Archbishop defends abuse inaction


THE ARCHBISHOP of Dublin, Dr Diarmuid Martin, has said he did not do more about concerns he felt 40 years ago about Artane industrial school because his role “as a seminarian in my 20s was in helping those young people to integrate into society”.

At the time, he said, “social workers, health boards and the diocese were trying to reform and eventually close down the institutions . . . Consensus soon emerged that the best – and indeed the only – option for Artane would be to close it down, which happened in 1969.”

He was responding to queries prompted by remarks he made in an article published in The Irish Timeson May 25th.

There he wrote: “The Ryan report shocked me. But it did not totally surprise me. I was ordained 40 years ago today and at my ordination and that of a friend we had a group of former residents of industrial schools: people of our own age, great people and friends of ours.

“As students we had worked in a hostel in Dublin for former residents of industrial schools, especially Artane. Later I worked in a centre in London for ex-prisoners, a large proportion of whom included generations of Irish industrial school residents.

“The stories they told then were not radically different from what the Ryan report presents, albeit in a systemic and objective way which reveals the horror in its integrity.

“Sadly, the Ryan report came so late.

“Anyone who had contact with ex-residents of Irish industrial schools at that time knew that what those schools were offering was, to put it mildly, poor-quality childcare by the standards of the time.

“The information was there.

“A chaplain to Artane (Fr Henry Moore) had put much of it in writing. A few courageous and isolated journalists like Michael Viney spoke out. When the first efforts were made to reform Artane, it was patently evident that the only change possible was to close it down.”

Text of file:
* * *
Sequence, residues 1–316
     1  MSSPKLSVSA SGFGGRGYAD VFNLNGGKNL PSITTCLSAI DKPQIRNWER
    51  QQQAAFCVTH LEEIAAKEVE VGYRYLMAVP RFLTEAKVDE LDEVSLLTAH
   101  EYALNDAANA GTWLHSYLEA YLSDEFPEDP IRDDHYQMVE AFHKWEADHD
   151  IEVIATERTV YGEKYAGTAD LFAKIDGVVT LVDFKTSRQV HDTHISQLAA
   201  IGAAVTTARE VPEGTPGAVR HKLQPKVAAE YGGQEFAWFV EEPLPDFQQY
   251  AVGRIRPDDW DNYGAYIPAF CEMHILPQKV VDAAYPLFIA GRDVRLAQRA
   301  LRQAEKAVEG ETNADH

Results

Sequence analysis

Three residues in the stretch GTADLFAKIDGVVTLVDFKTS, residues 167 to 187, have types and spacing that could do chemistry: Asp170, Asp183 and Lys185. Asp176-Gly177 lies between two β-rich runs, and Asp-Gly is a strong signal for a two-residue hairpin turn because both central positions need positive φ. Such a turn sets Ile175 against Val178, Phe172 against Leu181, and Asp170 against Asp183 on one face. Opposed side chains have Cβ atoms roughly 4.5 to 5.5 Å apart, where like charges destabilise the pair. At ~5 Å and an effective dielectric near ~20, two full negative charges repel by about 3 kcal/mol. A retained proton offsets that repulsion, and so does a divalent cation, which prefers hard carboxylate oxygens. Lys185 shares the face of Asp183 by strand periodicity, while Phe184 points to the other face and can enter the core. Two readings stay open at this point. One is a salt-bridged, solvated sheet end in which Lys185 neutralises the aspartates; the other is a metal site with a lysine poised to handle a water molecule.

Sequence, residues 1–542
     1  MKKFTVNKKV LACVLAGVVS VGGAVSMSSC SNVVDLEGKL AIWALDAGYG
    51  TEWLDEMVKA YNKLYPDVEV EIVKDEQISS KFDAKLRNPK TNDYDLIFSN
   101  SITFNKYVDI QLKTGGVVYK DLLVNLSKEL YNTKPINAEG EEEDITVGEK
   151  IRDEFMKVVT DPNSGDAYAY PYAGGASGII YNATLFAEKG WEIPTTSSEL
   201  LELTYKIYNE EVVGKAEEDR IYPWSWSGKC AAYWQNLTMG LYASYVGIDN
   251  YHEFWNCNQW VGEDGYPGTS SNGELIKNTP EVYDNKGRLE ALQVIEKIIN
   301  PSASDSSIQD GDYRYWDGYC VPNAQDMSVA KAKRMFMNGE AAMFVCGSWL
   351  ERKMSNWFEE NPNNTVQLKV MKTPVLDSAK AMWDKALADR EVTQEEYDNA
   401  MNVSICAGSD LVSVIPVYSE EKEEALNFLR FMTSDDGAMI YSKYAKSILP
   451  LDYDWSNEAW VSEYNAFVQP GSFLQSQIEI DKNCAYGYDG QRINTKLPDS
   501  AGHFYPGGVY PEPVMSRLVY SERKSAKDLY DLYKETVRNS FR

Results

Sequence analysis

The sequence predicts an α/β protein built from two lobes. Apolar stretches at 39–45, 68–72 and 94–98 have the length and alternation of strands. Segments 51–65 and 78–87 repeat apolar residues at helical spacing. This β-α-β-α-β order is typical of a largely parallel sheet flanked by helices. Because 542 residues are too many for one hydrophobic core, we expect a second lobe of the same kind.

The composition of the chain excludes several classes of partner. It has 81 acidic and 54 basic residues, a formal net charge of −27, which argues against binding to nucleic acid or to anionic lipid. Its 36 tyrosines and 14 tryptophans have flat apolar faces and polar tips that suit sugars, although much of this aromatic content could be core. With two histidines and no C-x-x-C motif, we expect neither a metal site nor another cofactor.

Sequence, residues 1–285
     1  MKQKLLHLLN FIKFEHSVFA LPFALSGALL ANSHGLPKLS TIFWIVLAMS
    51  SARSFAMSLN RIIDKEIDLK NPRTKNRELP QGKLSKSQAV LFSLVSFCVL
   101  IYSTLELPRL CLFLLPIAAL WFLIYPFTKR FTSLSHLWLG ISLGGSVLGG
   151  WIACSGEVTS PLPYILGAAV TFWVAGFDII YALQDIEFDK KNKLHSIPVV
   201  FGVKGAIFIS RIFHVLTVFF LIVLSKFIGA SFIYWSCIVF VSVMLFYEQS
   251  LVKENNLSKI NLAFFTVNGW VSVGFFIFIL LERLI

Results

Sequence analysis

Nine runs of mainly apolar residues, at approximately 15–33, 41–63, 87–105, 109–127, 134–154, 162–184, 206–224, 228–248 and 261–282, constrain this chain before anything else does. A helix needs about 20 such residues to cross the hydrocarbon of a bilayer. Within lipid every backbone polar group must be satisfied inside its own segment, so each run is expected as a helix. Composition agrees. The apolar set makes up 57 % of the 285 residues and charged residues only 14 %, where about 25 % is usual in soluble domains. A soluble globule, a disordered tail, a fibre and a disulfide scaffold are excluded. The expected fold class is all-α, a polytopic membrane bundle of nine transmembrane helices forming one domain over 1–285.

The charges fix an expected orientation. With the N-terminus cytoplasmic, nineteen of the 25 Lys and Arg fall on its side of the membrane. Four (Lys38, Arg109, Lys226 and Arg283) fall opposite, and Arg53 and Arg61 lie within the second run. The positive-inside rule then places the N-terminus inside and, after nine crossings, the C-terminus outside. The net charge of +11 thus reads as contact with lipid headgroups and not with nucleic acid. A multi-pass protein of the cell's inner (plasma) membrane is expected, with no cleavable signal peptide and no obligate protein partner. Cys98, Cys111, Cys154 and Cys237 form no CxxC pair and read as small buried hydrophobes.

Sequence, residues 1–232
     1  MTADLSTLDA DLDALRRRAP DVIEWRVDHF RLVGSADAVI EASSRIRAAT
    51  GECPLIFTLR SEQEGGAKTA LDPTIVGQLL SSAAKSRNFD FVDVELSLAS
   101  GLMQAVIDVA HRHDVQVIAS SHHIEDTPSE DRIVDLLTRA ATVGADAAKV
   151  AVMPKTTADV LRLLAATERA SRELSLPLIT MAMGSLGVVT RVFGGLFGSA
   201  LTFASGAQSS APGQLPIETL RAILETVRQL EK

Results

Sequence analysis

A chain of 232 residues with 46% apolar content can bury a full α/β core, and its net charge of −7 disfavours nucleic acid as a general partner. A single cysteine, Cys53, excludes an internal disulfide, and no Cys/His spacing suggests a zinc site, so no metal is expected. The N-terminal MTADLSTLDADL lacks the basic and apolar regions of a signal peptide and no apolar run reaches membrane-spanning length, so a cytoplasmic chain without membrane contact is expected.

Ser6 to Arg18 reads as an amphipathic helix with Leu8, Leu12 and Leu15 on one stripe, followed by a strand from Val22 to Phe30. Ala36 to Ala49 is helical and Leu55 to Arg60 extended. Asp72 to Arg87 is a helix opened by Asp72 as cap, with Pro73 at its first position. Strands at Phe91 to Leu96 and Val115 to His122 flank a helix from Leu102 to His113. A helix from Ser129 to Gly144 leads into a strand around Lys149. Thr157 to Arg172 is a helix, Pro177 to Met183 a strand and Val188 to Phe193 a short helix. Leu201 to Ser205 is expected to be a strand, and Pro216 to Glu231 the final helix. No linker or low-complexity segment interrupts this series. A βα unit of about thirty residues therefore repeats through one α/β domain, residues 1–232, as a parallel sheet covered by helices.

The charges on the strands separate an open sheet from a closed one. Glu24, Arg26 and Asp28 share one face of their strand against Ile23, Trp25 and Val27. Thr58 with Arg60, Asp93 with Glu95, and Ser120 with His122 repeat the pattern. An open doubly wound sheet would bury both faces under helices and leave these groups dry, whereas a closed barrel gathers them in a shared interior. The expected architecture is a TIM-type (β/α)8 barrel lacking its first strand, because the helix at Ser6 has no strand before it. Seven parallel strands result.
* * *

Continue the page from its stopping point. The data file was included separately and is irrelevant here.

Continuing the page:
Responding to queries arising from the article as to why he hadn’t done more at the time, he replied:

“In the mid-1960s with others, I worked in a hostel established by Archbishop McQuaid in 1961 for children leaving industrial schools, especially Artane, and other young people in need of shelter.

“Children left industrial schools at 16 and were very often entirely on their own.

“We did consistently hear stories of severe physical abuse and Dickensian conditions there. There was no mention of explicitly sexual abuse.

“The situation was referred by Archbishop McQuaid to the Department of Education.

“This information was common knowledge at that time to those involved in social work with young people.

“The well-known report of the chaplain to Artane was commissioned at that time. Few articles began to appear in the press,” Dr Martin said.

He continued: “It was sad to see talented young people whose talents had not been fostered. I never met one Artane pupil who had entered secondary education though many of them would have done well there.

“More striking was meeting older former Artane pupils in Britain where they were very much the ‘forgotten people’.

“There was a very high proportion of former residents of Irish institutions in prisons, very often because they had received no support. Again this was common knowledge in prison care and aftercare circles.”